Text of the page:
How Read and Write Caching Work
Caching read IOs is relatively simple, as the master copy is on already on the persistent storage. If there is any problem or failure with the caching, the data is refreshed from the persistent storage. Read DRAM caches are held in the controller. Read flash caches can be much bigger, and use lower cost MLC flash technology as only one copy is necessary.
Global Write DRAM caches are more complex and more expensive, and have to be protected at every stage. Non-volatile (NV) write cache is a part of the main DRAM memory in the controller. A write IO is written to the non-volatile write cache, and a second copy written to the DRAM cache in the other controller. The write is complete from the application's viewpoint as soon as both write acknowledgements are received. A background task scoops up all these writes from the controller caches and writes them out to disk, blocking them up if possible. When the data has been written, one of the copies in the controller cache is purged, and one copy is usually retained in main storage until paged out. Because of the small size of the DRAM cache, the controller is often designed to try and detect sequential data and bypass the cache. In systems without flash-cache, the small amount of non-volatile write DRAM cache restricts write performance, and the bottleneck is the writing of the blocks out from DRAM. This caching process can easily saturated the NV controller cache, at which stage the data has to be directly written to disk. This leads to much lower write rates and jitter in the write performance IO response times.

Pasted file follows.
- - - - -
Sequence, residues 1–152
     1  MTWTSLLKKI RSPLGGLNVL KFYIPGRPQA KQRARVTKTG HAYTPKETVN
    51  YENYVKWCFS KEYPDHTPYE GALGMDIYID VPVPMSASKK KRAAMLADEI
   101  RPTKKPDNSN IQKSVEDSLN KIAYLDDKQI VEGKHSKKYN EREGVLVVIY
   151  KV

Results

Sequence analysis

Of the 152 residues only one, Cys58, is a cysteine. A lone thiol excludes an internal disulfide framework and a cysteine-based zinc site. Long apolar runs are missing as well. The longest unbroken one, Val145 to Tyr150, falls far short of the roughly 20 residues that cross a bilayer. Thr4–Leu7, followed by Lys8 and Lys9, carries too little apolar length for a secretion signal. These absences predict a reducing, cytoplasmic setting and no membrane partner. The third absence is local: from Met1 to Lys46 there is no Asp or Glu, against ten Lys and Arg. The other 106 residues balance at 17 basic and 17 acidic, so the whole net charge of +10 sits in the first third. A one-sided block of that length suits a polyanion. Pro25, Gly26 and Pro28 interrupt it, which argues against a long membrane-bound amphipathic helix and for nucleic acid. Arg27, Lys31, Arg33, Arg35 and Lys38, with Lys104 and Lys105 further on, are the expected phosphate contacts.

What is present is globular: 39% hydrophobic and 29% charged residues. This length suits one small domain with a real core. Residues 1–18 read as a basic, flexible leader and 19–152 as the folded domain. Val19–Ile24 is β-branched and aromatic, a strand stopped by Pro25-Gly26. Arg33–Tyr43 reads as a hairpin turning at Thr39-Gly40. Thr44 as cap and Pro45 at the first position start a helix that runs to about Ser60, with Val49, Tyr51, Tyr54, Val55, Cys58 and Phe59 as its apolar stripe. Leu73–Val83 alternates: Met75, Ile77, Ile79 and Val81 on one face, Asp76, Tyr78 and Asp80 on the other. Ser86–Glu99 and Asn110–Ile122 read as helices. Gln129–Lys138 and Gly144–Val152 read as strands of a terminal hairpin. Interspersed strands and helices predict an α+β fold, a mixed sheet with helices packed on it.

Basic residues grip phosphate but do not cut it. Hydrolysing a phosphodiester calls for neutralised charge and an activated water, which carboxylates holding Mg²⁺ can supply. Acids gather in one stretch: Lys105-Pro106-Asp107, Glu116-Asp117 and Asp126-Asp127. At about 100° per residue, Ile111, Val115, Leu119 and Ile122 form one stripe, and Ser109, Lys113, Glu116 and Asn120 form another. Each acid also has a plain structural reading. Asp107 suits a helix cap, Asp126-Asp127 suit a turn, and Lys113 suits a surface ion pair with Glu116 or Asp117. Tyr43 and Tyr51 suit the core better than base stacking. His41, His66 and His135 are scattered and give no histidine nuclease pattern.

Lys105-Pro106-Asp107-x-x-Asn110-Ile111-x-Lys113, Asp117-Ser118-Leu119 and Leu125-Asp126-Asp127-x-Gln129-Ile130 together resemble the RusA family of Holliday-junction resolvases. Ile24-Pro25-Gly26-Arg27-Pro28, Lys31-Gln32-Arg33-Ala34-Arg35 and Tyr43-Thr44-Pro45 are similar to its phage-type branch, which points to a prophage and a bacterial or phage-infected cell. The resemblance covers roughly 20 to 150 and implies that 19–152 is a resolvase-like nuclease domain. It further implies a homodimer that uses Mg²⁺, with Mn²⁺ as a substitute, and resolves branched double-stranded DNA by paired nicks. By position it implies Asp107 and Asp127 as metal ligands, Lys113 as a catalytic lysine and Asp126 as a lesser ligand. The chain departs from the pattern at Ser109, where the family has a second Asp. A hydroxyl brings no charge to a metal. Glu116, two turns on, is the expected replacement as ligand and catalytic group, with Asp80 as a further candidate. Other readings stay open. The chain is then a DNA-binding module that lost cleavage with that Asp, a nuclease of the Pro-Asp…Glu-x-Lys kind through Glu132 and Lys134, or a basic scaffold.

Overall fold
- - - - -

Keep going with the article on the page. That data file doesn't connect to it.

Flash is the fastest form persistent storage. The simplest way to speed up writes is to write them directly to flash (e.g., flash SSDs). However this is not practical in a general purpose array, as the flash storage would have to be dedicated to the specific volumes being written using a manual process. Some systems have multiple flash cache write pools (e.g., the NetApp flash pools) from a mixture of SSDs and HDDs. Multiple pools with flash cache are usually required to meet different RAID and performance requirements, and again administrative effort is required to deploy workloads to the correct pools. The most efficient hardware and operation solution is to to use global flash caches.
Global Write flash caches work like DRAM caches, except that the media is persistent. Flash write caches allow much larger caches, and to protect the data multiple copies in higher performance and longer lasting SLC flash technology is generally used. The bottleneck now is the speed that the data can be written from the flash cache (slower than DRAM) to the back-end storage media.
To investigate write performance, Wikibon analyzed hybrid storage arrays with global write caches, and compared them with traditional arrays without global write caches.
There are a number of hybrid storage arrays with global flash caches. These include:
- New hybrid storage arrays such as Tegile, Tintri, Starboard and the Oracle ZFS appliance, designed from scratch as a flash-first architecture. These products often have inline compression/de-duplication to lower flash costs.
- Dual-controller traditional arrays such as the newly announced EMC VNX and the Dell Compellent, which have been upgraded with global write flash caches.
To analyze the impact of hybrid storage on large-scale high write environments, Wikibon constructed a performance model based on previous work on hybrid storage. The Oracle ZFS Storage Appliance was used as the reference model for hybrid storage, as it has the most aggressive implementation of flash-based write technology. The design elements that contribute to the write performance on the ZFS appliance include: